[144 NJSuper Page 479]
Act, commonly referred to as the "No Fault Law" (N.J.S.A. 39:6A-1 et seq.) required the payment of benefits to persons sustaining bodily injury as a result of an accident involving the operation of an automobile not a motorcycle, and that the PIP endorsement of plaintiff's policy expressly excluded the operation of a motorcycle from the coverage provided thereunder. Plaintiff appeals.
N.J.S.A. 39:6-46 mandates that a motor vehicle liability policy issued with respect to an automobile registered or primarily garaged in New Jersey shall ensure "personal injury protection coverage as provided in the 'New Jersey Automobile Reparation Reform Act.' * * *" N.J.S.A. 39:6A-4 of the No Fault Law provides in pertinent part,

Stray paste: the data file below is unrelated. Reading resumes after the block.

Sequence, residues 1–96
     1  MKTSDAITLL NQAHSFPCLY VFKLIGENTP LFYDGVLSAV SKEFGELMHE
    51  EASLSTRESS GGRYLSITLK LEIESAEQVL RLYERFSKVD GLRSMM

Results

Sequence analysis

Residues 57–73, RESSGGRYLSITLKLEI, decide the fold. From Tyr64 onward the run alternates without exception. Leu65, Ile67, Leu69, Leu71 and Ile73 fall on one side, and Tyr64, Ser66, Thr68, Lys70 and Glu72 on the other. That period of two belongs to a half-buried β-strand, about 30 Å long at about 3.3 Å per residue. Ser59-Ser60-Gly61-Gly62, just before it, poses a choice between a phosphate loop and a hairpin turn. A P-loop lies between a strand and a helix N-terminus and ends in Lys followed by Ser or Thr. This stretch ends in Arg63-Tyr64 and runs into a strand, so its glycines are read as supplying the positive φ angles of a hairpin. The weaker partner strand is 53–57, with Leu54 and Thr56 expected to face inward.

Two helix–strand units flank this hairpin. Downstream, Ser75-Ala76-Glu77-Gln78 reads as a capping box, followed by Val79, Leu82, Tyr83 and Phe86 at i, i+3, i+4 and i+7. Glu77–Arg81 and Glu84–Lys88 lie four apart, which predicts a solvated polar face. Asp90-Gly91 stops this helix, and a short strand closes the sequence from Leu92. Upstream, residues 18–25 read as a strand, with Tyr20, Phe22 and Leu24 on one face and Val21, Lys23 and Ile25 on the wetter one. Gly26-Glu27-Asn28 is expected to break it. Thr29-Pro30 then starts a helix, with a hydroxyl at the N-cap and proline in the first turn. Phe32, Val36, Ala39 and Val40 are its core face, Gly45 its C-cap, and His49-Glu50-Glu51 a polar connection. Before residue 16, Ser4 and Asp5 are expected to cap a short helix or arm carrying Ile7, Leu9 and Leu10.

Every automobile liability insurance policy insuring an automobile as defined in this act against loss resulting from liability imposed by law for bodily injury, death and property damage sustained by any person arising out of ownership, operation, maintenance or use of an automobile shall provide additional coverage, as defined herein below, under provisions approved by the Commissioner of Insurance, for the payment of benefits without regard to negligence, liability or fault of any kind, to the named insured and members of his family residing in his household who sustained bodily injury as a result of an accident involving an automobile, to other persons sustaining bodily injury while occupying the automobile of the named insured or while using such automobile with the permission of the named insured and to pedestrians, sustaining bodily injury caused by the named insured's automobile or struck by an object propelled by or from such automobile. * * *